EP39: What is your retirement number; Pension lump sums a good idea?; Saving money on funeral costs

Play episode

  • Wendy from PA wants to know if its a good idea to take the lump sum for her pension or lifetime benefit
  • Retirement is a number and not an age. Here’s how to figure out what your number is and how to get it
  • Savvy Savings with Amanda on how to save when planning a funeral

What is your retirement number and how to get it

  • Through our coaching we have heard from many of you that you are retiring at age 65. 
  • What we are coaching you is that retirement is not an age – it is a number. That number is the amount of money you have saved in retirement accounts. These are accounts that are still invested making a given % per year over time. 
  • The media including advertising makes being a so-called millionaire about the watches, cars, boats, houses. What people really want is the freedom. The freedom of worry. 
  • 67% of wealthy people stated they weren’t going for wealth while building up their nest egg. They were looking for that freedom of worry. To not be concerned about money every day. 
  • So what is that retirement number of the TARGET.
  • I have one person who I have been coaching that has 14 rental properties – most paid for (keyword most) – generating rental income. However, he has about $120,000 in retirement accounts.
  • Here is the generally accepted method of determining your number based on the newer 25 times your annual budget:
    • Determine your desired retirement spending budget
    • Multiply your annual spending by 25. This is based on the Trinity Study which states if you have 100% stocks or even 70% stocks and 30% bonds you can withdrawal 4% of your gains per year and that will last you in excess of 30 years.
    • Some people I know use 30 times annual spending and others use a smaller amount than 4% for their calculations.
    • Calculate all of your income sources including Social Security, pensions, rental income, side hustles.
    • Subtract the annual passive income annual budget expenses. Take that result and multiply by 25 and you have your retirement number. 
    • For example, lets say my annual budget expenses totals $70,000. My annual passive income is $10,000. The result of subtracting the passive from my budget is $60,000. Multiply $60,000 by 25 and you get a retirement number of $1,500,000.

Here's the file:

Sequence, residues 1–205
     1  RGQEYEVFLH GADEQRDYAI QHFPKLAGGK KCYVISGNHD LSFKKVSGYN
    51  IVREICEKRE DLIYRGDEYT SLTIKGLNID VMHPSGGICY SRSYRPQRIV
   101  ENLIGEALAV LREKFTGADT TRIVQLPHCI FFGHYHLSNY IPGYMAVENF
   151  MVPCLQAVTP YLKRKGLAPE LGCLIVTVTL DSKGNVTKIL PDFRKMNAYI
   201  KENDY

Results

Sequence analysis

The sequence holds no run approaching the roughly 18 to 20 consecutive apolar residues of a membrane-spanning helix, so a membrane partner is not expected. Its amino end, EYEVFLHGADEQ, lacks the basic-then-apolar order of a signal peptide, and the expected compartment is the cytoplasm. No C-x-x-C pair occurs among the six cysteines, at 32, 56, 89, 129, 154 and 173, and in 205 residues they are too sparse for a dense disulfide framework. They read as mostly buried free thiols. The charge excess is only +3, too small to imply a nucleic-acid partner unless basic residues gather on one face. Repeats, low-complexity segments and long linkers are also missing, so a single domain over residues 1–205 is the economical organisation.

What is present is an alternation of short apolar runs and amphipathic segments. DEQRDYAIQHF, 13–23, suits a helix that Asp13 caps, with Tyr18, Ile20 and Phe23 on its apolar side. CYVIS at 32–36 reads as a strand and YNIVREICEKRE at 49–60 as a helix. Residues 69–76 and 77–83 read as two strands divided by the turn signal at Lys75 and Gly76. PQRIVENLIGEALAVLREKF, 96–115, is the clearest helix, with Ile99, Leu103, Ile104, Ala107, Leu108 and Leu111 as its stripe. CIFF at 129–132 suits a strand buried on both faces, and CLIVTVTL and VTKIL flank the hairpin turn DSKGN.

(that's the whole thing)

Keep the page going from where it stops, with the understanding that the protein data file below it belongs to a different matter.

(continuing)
A previous method had used 10-12 times your annual budget, but several studies have shown that wasn’t working out too well. 

  • Dave Ramsey Method
    • Basic math with all things working in harmony meaning no medical situations (cancer, heart), no divorce, no disasters, etc.
    • Dave Ramsey promotes a simple rule of thumb for figuring out your ‘number’ in retirement accounts
    • Dave believes in being able to live on 8% of your nest egg. For this to work your account must continue to average 12% per year long term even in retirement and that would help you cover the rate of inflation on the high side of 4%.
    • So for example: If you want to live on $40,000 a year you would need $500,000. To do the simple math you take the amount you want to live on and divide it by .08 and that will give you the amount you should have saved.

How are we going to get there

  • Baby Steps 
    • Pay off all your consumer debt
    • Have that 3-6 months emergency fund in an online savings account
    • Save initially 15% of your paycheck – keyword initially
    • Pay off the house
    • Revert back to your savings and increase that by maxing our your 401K, IRA and then into other investments.
    • Figure out what kind of savings it will take each month to reach that retirement number of the TARGET. 
  • For example
    • Target is $2,000,000 which will get you $80,000 per year.
    • You monthly salary is $5,000
    • Government takes $1,400 based on 28% taxes
    • That leaves you with $3,600. 
    • Let’s say you are saving 30% monthly into retirement or investment accounts
    • In order for you to max out your Roth 401K you would need to save $1625 per month which is about 45% (or  32.5% of your annual salary before taxes)
    • That leaves you with $2,000 to live on per month.
    • If you did this from age 35 with no money in your 401K in a simple S&P 500 index fund you would have $4.56 million TAX FREE which would equate to a monthly check of $10,312/month or $123,744 per year.
    • Now we said our target was $2,000,000 right? We actually hit that at age 57ish but if you wait another 8 years you can double that balance to be $4.56 million.